The 2×4’s were warped and still had bark on them.
They don’t use wood, they use pressboard, ya’ know, scraps and glue mixed together.

I kept thinking about those shoddy materials when I viewed these buildings.

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The Royal Palace in Dam Square.

It felt funny to be using the “d”  word all the time.
Kinda’ bothered my Christian sensibilities.

I was reminded of a time my little boy was enthralled when crossing the
Canyon Ferry Dam to get to Gramma’s house.

When we arrived, he told his grandparents we
“dwove on the dam bridge across the dam river to get to your house.”

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Another building in Dam Square and one I didn’t go in.
Since I wouldn’t pay to meet real movie stars,
I figured I didn’t need to pay to meet wax ones.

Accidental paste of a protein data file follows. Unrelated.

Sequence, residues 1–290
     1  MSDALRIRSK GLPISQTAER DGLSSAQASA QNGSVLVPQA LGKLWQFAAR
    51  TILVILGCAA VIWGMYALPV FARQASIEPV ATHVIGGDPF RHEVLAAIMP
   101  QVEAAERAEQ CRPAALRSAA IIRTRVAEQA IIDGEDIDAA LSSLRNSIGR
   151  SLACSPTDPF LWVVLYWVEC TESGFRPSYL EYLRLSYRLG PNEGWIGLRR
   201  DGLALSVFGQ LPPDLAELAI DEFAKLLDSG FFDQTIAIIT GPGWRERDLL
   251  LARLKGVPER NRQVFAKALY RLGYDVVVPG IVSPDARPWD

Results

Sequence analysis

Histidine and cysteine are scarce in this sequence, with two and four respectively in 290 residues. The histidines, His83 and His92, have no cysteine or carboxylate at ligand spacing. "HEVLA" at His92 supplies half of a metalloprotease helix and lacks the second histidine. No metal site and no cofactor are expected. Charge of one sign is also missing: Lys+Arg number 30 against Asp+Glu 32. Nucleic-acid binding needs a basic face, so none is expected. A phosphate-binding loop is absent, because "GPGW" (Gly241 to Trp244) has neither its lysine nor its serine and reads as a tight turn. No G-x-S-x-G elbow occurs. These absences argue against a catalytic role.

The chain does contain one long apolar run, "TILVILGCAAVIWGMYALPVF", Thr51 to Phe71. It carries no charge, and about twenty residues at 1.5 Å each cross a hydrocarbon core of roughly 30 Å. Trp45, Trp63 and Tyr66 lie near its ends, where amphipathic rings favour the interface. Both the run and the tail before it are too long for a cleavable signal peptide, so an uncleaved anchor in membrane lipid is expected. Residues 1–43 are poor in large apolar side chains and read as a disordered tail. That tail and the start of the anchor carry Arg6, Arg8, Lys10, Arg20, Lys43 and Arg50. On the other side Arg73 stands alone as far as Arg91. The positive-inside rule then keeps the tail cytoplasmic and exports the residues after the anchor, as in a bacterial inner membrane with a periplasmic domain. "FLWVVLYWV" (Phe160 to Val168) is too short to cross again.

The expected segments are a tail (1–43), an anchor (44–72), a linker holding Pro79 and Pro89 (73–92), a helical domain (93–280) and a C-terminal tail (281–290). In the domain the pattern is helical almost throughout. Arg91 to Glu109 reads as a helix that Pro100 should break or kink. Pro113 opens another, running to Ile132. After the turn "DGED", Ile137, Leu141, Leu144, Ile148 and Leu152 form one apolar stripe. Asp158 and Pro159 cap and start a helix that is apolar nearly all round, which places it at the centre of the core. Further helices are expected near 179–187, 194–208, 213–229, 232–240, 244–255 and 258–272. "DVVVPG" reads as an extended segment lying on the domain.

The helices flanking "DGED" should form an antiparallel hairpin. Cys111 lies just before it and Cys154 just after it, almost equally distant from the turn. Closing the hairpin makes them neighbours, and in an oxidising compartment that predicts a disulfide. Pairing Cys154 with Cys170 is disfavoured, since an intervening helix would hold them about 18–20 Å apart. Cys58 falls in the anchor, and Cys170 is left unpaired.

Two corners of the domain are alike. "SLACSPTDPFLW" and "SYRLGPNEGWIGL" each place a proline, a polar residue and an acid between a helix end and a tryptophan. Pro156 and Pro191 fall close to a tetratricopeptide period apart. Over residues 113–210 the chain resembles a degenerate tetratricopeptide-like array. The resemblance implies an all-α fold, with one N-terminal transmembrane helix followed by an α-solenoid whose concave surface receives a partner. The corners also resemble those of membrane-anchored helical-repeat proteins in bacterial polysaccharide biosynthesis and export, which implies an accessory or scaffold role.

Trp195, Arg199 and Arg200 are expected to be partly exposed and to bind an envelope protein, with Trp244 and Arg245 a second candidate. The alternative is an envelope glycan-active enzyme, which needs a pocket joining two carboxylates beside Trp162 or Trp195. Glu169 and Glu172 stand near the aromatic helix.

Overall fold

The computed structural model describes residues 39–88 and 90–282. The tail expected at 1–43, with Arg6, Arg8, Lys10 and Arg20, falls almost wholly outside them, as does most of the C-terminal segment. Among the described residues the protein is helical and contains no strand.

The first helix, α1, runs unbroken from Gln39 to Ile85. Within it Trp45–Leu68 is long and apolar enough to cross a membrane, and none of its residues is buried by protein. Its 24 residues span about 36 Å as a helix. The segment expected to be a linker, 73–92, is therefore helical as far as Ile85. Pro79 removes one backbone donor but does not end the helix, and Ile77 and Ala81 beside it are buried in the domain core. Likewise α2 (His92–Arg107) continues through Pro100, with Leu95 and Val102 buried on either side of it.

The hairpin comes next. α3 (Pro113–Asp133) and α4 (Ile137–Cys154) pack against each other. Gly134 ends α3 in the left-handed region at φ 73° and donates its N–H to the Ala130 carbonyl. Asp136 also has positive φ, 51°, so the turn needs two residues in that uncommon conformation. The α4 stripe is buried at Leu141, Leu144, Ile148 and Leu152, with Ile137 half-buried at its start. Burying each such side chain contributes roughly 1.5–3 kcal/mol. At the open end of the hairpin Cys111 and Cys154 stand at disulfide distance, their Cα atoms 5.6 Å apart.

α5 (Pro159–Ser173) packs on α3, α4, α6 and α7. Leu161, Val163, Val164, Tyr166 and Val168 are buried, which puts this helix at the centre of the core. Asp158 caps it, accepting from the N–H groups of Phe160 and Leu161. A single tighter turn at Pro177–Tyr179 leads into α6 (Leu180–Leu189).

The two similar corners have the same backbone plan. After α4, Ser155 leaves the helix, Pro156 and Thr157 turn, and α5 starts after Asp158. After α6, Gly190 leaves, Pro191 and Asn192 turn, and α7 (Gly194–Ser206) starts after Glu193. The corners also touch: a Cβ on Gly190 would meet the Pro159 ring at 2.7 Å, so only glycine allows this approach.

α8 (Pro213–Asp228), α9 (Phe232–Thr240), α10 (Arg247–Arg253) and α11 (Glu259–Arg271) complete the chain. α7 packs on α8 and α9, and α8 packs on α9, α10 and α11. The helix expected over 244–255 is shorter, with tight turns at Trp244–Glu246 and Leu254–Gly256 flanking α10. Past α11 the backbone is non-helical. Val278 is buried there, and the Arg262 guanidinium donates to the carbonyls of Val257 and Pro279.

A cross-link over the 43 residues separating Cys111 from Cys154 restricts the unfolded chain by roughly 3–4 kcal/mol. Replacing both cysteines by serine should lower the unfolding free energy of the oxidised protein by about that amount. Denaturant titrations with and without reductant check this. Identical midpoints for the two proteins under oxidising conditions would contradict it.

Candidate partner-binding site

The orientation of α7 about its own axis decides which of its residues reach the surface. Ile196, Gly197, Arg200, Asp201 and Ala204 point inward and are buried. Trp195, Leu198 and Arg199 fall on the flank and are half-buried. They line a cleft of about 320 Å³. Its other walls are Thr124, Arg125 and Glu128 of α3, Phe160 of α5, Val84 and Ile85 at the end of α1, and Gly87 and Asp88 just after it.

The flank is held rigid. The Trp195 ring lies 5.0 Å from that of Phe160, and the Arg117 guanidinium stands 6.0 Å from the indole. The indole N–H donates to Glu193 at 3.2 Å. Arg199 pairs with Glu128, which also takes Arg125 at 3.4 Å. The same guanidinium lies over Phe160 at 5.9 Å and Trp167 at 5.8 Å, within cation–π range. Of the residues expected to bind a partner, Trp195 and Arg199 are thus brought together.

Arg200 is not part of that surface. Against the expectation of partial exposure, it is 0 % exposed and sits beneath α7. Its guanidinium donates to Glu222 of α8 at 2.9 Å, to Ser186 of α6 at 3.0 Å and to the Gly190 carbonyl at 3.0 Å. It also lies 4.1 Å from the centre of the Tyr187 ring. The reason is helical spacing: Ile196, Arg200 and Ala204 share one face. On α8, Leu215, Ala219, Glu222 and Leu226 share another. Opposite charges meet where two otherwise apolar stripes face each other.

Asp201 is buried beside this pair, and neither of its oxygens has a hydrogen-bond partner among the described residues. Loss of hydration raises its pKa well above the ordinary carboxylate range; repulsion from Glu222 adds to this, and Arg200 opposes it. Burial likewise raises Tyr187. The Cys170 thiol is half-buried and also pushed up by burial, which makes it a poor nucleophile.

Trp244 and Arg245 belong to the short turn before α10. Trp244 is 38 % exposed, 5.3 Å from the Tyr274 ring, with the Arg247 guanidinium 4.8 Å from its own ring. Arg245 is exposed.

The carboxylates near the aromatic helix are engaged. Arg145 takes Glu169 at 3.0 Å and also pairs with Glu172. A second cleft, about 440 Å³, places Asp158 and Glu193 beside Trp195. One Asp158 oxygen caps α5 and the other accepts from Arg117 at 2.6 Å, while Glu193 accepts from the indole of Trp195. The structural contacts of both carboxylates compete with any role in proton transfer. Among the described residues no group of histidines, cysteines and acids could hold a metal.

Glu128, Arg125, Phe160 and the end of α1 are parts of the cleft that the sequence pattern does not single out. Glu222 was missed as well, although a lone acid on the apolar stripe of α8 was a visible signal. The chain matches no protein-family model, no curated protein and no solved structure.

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Everywhere you look, the buildings are magnificent
and so are the waterways.

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I loved the canals.
Seattle shoulda’ done this.

They curved from the sea into the city,
so if you had to get to a business,
you just took your boat right into town,
unloaded, then hit the sea again.

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You can clearly see the canals in this map that I
memorized at the hotel and hid in the inside pocket of my Levi jean jacket.
I didn’t want to stand on the street and look like a tourist,
so I plotted the course at night, and carried it just in case.

The strategy worked.
The second day out I had two people stop and ask me for directions.

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My husband would love to buy a boat. |
He wants a huge motor to go really, really fast.

This is what I picture.
I think I could own a boat if it were a houseboat.
A slow-moving boat with rooms for books and craft stuff and a garden.